We don't care as long as you're easy to understand, and you are.

BTW my German has been upgraded from shitty to crappy, but Wherethewild is basically fluent at a fairly decent level.  I'm ex-pat American.  She's ex-pat Australian.


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Reply #55 on: April 15, 2008, 08:32:01 AM
Hmm, not really my story.
The characters were cardboard, but I guess that goes with the territory if you tell a classical fairytale.
The telling was solid and the ending worked quite well, but to me the main idea and political message was just to heavily applied.
I like stories that want to convey a certain message, but I don't really enjoy beeing beaten over the head with it.


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Reply #56 on: April 18, 2008, 09:52:46 PM
This one didn't do as much for me as the other PC stories have, however, there was something about the image at the end -- about being afraid and expecting the worst, and then being given hope instead -- that made me smile. 


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Reply #57 on: April 21, 2008, 03:12:05 PM
I like Vaughn's Kitty series and was looking forward to one about a dragon.  I was rather disappointed.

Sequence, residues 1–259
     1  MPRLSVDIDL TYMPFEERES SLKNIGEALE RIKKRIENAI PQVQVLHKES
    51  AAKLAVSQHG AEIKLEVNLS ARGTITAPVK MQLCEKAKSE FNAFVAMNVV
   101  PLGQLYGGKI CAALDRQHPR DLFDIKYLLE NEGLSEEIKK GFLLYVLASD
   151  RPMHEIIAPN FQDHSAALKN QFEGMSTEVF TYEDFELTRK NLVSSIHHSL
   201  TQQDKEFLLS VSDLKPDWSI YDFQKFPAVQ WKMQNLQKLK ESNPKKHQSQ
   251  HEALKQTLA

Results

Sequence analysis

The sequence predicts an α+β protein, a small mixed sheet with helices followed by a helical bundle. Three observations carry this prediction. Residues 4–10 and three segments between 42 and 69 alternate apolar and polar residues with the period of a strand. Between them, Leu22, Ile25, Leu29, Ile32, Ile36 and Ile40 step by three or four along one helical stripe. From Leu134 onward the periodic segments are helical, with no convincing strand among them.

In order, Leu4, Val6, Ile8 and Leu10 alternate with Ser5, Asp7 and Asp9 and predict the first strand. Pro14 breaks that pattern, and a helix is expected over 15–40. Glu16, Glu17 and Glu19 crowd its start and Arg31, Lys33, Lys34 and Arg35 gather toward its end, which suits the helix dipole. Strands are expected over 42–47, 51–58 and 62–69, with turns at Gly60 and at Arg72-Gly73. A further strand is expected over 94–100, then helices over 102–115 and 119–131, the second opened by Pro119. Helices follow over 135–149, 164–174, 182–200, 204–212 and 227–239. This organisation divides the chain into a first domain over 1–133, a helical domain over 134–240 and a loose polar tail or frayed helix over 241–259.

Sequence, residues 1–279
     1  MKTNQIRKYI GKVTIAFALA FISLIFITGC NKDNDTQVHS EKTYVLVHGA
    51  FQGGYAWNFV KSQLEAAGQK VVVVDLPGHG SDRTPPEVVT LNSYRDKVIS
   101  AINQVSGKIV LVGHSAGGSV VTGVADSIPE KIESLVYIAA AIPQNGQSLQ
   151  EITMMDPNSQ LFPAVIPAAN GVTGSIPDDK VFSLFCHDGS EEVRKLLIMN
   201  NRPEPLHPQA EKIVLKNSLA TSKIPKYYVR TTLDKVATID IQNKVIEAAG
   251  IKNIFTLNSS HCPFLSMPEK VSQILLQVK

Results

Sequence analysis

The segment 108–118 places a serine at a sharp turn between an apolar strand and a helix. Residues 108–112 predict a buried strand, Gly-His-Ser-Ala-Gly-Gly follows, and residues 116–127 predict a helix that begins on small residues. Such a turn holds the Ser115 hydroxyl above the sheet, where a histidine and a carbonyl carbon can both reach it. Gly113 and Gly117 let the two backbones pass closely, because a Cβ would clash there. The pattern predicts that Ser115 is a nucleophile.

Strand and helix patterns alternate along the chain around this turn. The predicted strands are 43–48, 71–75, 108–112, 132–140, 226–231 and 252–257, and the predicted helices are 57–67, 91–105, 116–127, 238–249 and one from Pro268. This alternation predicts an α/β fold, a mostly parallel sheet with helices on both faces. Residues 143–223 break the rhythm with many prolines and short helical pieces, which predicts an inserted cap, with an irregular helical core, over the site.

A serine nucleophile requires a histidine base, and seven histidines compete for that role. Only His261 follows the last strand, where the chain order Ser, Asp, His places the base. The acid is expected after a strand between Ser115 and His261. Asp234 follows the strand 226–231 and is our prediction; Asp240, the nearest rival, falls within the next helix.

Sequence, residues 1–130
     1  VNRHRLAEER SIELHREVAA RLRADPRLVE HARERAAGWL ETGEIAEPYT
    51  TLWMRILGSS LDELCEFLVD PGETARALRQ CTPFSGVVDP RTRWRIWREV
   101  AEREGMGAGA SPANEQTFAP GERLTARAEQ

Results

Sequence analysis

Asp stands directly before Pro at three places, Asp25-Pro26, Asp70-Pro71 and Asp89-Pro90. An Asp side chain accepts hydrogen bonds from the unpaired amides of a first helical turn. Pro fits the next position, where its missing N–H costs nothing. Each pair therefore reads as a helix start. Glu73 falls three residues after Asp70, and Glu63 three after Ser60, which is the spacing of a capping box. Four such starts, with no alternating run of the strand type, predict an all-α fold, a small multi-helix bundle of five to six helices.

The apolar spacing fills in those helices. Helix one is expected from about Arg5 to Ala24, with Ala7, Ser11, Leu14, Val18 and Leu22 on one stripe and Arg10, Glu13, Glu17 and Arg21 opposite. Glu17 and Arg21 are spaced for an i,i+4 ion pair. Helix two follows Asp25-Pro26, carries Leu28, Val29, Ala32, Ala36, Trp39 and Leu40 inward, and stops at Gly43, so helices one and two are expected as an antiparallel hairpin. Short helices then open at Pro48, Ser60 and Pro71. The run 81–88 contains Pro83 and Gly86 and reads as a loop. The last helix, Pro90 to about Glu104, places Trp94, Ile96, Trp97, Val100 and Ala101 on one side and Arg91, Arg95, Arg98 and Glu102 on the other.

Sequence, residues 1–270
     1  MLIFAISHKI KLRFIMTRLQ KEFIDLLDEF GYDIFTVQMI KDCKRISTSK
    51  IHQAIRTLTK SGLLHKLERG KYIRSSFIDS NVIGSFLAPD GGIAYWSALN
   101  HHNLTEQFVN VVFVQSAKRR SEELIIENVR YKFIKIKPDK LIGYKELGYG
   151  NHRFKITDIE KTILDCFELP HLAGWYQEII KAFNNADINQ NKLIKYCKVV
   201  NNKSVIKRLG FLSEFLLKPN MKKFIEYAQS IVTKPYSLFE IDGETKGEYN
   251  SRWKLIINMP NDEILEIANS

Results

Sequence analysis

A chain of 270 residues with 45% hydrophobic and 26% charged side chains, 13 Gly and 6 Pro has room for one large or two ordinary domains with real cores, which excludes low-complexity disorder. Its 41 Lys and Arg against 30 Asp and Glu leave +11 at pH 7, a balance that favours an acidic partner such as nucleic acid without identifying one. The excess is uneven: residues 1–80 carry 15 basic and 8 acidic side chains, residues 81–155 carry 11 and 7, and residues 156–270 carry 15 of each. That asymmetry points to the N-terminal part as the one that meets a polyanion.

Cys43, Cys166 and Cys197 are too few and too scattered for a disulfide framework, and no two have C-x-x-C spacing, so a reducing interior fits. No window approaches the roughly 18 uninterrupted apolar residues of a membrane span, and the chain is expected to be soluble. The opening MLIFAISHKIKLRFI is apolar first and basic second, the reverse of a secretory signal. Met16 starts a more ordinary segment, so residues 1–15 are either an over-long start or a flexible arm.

I was pulled out of the story by Minx’s reading.  I felt she was too sensual in the beginning.  She’s narrating a story about a young girl with no desire to have sex, and yet there were parts that were down right lascivious.   

Beyond that the idea of our heroine first being able to live, at such a young age, without parents or a support system was a bit unbelievable.  Then to hear about the witch sending young girls off to, I assumed, a better life made me wonder what type of civilization lived outside of the kingdom and why weren’t they stepping in to stop such practices.  Did they have a dragon or ogre or evil menace they in turn fed the girls to?